Sweets from the Minibar
Eskimo Kiss Records
sounds more like The Cars than The Cars did toward the end of their
run, thanks to the Cars-style keyboards (last heard on The Rentals'
first album), and Cars-style electric guitars (heard nowhere else,
really). And even though the Durham, N.C., duo sports female vocals
on most tracks, there's an undeniable Cars sheen in the singing
as well, probably because Shirle Hale is perfectly complimented
by husband David Koslowski on the harmonies (and his occasional
The third person in the
mix is producer Chris Stamey, last seen running around with the
dBs in the early '80s (in fact, the project turns into a pseudo
Let's Active reunion when Mitch Easter adds guitar to "Magnastar").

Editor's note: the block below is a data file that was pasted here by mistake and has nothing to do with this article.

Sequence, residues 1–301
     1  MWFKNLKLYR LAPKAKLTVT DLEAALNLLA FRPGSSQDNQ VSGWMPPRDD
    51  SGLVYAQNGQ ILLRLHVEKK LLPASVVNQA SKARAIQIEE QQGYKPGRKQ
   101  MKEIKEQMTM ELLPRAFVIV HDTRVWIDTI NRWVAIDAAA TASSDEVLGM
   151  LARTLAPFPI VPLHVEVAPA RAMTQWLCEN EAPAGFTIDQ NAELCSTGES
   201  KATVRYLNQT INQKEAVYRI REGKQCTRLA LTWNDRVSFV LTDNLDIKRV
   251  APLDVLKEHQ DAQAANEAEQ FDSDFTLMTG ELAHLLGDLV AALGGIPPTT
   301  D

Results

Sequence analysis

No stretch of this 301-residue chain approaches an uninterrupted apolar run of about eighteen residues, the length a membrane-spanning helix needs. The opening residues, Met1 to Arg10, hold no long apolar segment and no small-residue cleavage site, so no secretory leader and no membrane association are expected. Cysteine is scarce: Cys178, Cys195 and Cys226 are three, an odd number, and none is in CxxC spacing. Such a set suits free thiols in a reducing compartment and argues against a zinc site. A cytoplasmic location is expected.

The result is a supersweet
post-New Wave sound that the band calls "Europop" but
has more in common with the current American retro electronic acts.
In fact, the more synths they pour on, like on the short, kicky
"Lower Moreland," the more outwardly poppy they get. Most
songs are in the three minute range, with the exception of the jerky,
synth-string-fueled waltz ballad "Remember" and "Head
Hang Low," a lush track that features a nice touch of trumpet
that clocks in at around six minutes.
It isn't until toward
the end of the CD (the spy stuff "She Rides Trains in Belgium,"
the Hooverphonic-esque "21st Century Girl") that Gerty
gets a bit more sinister, which is a tasty contrast to all the up-swing
pop stuff, but even then, it's just a matter of a key or tempo change
amidst a collection of simple, warm pop ditties that'll be close
to the heart of any Cars or Rentals fan, and those of us who long
for those wide-eyed Reagan-pop years.
Posted Dec. 4,
2002. Copyright © 2002 Tim McMahan. All rights reserved.
more like The Cars than The Cars did toward the end of their